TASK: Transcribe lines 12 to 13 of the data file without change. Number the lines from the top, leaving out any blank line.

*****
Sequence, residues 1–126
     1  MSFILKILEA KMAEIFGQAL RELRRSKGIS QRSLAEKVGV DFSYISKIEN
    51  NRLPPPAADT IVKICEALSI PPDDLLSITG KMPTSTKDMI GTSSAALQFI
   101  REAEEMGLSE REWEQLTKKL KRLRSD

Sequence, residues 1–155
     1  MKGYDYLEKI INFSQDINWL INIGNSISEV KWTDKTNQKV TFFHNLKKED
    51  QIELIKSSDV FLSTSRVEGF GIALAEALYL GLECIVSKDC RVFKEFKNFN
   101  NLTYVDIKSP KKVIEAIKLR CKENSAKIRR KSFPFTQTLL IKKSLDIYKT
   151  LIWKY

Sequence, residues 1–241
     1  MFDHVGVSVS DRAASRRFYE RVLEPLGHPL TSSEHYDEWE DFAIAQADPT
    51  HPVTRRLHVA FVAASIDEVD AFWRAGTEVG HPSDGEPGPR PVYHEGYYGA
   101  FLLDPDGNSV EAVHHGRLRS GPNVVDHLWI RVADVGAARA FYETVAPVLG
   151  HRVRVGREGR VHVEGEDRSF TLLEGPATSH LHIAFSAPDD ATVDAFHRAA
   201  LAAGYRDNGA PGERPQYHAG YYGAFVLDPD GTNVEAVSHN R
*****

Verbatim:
    51  HPVTRRLHVA FVAASIDEVD AFWRAGTEVG HPSDGEPGPR PVYHEGYYGA
   101  FLLDPDGNSV EAVHHGRLRS GPNVVDHLWI RVADVGAARA FYETVAPVLG